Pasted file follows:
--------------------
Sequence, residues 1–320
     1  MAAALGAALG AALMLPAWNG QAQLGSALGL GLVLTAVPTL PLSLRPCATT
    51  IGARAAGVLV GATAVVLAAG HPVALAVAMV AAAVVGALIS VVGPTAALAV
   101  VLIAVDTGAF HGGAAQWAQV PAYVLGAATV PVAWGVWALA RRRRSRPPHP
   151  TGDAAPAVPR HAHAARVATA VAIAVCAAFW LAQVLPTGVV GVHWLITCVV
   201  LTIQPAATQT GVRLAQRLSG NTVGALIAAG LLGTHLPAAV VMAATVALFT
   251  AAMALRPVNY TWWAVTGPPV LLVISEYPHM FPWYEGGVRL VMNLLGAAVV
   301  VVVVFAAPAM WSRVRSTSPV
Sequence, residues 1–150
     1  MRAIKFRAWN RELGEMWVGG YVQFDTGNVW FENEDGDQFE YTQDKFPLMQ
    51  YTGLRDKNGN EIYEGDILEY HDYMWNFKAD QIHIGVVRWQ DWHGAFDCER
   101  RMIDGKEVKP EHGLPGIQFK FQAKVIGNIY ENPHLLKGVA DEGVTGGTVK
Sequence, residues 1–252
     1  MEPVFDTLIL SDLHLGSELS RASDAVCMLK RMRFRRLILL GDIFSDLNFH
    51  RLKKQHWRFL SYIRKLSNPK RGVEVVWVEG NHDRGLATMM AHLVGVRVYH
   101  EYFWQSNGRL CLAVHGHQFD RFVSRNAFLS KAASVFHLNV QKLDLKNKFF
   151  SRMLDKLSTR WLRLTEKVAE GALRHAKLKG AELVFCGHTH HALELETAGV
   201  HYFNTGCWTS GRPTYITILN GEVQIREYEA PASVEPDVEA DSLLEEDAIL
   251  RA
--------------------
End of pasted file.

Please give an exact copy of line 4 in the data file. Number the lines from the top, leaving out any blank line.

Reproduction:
   101  VLIAVDTGAF HGGAAQWAQV PAYVLGAATV PVAWGVWALA RRRRSRPPHP